Tools for Couples Happiness — 13 September 2005
How to select a good therapist

It is very painful to hear some couples recite previous negative experiences in couple therapy. They may say that they were either not helped or even hurt by the process of seeking help. They were discouraged about finding a good therapist, or worse, lost hope in their ability to restore their love connection. Tragically, some married couples who do not find and work with a good therapist end up in a preventable divorce.

How can couples successfully select an effective therapist and what can they expect from that professional?

Couples need to embark upon finding a good therapist as consumers. They are in need of a crucial service that will have lifelong implications to their wellbeing and partnership. Satisfied friends are the best referral source. A physician can also recommend a few names. Couples should proceed to have a first appointment with several recommended therapists and then decide whom to select.

There are several criteria that may help in assessing a couple’s therapist at the initial interview.

DID YOU FEEL UNDERSTOOD? An effective therapist will understand the presented issues, and will ascertain that you were heard correctly and understood. S/he will be supportive of your agenda and accurately summarize your goals for treatment with optimism about your ability to improve your relationship issues. A good therapist would support your relationship and agenda and would not introduce a direction that is incongruent with yours. S/he will set the course for you to achieve your goals.

DID YOU FEEL ACCEPTED AND RESPECTED? A good therapist will listen to you with interest and respect. S/he will honor each person’s view with compassion and acceptance and be a facilitator, not a judge.
The therapist will affirm each point of view as important and valid. Your feelings should be handled with empathy.

If respect, acceptance or empathy are lacking – that therapist may not be your choice. You do not need to give the therapist a few more chances, or excuse his/her style. This professional is there to help you and not vice versa.

WERE YOU ENRICHED BY THE SESSION? Did you leave the meeting with a new insight, idea, tool, exercise, reading materials, homework and/or recommendations? Did you feel that this therapist is a good teacher with skills and competence to assist you in achieving your desired goals?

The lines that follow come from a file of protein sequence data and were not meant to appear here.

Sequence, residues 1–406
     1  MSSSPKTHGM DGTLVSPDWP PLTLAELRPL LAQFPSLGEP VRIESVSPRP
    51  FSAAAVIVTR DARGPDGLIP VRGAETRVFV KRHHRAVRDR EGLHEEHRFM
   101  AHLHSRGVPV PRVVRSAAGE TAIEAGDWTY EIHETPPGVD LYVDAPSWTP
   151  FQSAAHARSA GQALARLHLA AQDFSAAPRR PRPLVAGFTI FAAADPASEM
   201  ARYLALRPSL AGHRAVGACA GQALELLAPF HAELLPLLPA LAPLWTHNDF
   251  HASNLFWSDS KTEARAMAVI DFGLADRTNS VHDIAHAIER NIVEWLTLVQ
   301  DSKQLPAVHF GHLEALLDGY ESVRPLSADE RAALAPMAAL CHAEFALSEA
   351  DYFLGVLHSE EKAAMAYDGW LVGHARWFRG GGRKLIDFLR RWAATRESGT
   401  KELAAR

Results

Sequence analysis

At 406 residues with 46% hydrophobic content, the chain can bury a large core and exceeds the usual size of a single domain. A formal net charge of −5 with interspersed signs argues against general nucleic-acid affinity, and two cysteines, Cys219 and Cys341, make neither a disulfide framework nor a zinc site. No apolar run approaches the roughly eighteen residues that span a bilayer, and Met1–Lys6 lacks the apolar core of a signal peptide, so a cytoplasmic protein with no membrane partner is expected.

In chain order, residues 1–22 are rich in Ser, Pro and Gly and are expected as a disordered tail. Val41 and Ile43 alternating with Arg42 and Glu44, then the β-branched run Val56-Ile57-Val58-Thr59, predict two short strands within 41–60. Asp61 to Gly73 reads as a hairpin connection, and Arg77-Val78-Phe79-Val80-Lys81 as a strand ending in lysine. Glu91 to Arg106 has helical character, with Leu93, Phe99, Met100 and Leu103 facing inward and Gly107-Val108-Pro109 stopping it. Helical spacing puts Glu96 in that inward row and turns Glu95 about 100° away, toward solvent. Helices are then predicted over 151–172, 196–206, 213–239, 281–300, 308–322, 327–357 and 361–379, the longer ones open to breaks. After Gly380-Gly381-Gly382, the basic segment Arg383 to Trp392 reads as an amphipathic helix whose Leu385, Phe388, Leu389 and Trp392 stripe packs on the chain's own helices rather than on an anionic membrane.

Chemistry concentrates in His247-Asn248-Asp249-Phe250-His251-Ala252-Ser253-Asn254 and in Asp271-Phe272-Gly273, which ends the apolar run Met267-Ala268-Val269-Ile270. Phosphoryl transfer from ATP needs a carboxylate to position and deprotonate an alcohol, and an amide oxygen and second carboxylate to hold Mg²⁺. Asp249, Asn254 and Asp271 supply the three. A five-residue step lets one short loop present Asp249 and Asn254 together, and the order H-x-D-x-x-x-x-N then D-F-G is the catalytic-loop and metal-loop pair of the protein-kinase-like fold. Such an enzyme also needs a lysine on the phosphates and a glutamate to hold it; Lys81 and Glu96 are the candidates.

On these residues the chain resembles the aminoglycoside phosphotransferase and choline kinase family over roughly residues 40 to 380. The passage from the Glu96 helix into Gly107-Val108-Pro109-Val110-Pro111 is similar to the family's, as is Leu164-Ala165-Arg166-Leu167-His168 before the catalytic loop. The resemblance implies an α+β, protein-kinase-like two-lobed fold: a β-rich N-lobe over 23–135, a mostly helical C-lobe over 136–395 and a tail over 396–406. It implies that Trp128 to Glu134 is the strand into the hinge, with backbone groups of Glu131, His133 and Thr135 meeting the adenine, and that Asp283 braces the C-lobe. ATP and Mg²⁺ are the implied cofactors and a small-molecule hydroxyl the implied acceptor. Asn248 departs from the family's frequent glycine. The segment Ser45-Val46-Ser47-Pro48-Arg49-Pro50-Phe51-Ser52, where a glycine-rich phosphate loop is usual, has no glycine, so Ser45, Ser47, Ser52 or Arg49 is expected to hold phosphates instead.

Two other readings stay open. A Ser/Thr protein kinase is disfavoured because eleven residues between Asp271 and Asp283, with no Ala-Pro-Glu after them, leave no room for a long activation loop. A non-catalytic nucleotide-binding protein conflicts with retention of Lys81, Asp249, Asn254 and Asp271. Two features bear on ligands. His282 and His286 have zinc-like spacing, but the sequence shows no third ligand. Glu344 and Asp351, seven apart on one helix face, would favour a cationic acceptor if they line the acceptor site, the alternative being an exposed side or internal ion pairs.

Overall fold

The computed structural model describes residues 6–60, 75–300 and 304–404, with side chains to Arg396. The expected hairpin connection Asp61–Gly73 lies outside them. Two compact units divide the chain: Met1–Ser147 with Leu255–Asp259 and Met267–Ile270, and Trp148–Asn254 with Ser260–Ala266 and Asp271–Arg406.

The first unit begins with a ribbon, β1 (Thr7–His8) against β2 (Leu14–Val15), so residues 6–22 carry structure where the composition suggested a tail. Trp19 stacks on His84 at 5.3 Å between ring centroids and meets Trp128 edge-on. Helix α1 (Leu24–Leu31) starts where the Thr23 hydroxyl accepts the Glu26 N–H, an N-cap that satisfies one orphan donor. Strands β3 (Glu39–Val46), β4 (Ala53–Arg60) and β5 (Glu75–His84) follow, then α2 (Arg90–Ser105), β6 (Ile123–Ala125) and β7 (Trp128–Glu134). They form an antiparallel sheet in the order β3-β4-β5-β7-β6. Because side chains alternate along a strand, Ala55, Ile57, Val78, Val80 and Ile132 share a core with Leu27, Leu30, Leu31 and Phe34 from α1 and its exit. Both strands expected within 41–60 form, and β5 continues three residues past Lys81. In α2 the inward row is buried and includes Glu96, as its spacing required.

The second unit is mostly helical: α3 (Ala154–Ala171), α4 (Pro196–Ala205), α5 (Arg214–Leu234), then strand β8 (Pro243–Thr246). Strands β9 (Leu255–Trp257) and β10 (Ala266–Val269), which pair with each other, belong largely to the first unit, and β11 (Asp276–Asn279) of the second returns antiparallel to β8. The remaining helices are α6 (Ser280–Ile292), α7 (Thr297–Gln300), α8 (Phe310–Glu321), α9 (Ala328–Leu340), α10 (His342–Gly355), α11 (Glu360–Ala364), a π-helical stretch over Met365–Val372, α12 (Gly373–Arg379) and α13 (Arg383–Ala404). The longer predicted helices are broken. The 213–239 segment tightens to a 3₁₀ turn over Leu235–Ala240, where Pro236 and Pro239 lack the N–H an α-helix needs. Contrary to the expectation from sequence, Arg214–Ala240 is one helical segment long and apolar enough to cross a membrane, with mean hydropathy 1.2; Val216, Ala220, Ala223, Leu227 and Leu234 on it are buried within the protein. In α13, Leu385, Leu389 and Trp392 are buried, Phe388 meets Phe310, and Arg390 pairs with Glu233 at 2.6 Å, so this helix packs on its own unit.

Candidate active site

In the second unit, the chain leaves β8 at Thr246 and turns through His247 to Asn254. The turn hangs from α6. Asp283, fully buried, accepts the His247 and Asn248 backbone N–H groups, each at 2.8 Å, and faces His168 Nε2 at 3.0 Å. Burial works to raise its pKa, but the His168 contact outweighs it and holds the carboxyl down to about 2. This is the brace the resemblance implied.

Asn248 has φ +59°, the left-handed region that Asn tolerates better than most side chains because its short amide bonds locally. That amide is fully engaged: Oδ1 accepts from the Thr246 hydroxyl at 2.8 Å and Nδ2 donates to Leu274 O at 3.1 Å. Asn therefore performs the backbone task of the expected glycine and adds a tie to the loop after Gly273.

Relationship therapy includes cognitive and behavioral instructions to facilitate change. Being a good listener and dealing with the causation of the difficulties is only the first part of the process, not the only one. Similarly, for the therapy to be effective, tools for change must follow affirmation of each partner’s emotions. Good therapists are competent and persuasive teachers who can provide the tools and inspire couples to move toward change.

DID YOU FEEL MORE HOPEFUL? By the time couples seek relationship help they often have been pained and unhappy for a long time. One or both may feel discouraged or even hopeless about the possibility of a restored love connection. They may seek change in their partner and may feel defeated by all the previously attempted methods.

A first session with a couple’s therapist should infuse the partners with optimism and hope about the possibility of significant improvement in their relationship. HOPE is the positive emotion that enables each partner to undertake the difficulties associated with personal change. A good therapist can help the couple visualize a happy relationship as a reasonable goal after sincere efforts for change.

• Finding a good therapist is important. It is a personal preference. A specific well- trained counselor may not necessarily be the best one for you.
• After a first session with a therapist both of you will know whether or not this professional is right for you. Trust your intuition. If one of you is not comfortable with the choice, select another person.
• Expect to benefit from every session by gaining knowledge, insights or tools for new behaviors.
• You are in charge of your own personal change and the progress of your treatment. Practice what is recommended to gain maximum benefit.
• If several previous therapists have not helped you, assess your own motivation and behavior so that the next professional will be the effective one.
• Having confidence, respect and trust in your therapist will facilitate your success in creating a better relationship for both of you.

September 11, 2005

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About Author

Offra Gerstein, Ph.D. is a licensed psychologist in clinical practice in Santa Cruz, California for over 25 years, and specializes in relationship issues for couples and individuals for improved quality of life.

Her work includes: mate selection, marriage, long term relationships, gay and lesbian couples, work relationships, parenting issues, family interactions, friendships, and conflict resolutions.

Offra has lectured extensively to various groups, conducted support groups for several organizations, and has been writing a weekly column “Relationship Matters” for the Santa Cruz Sentinel since 2001.

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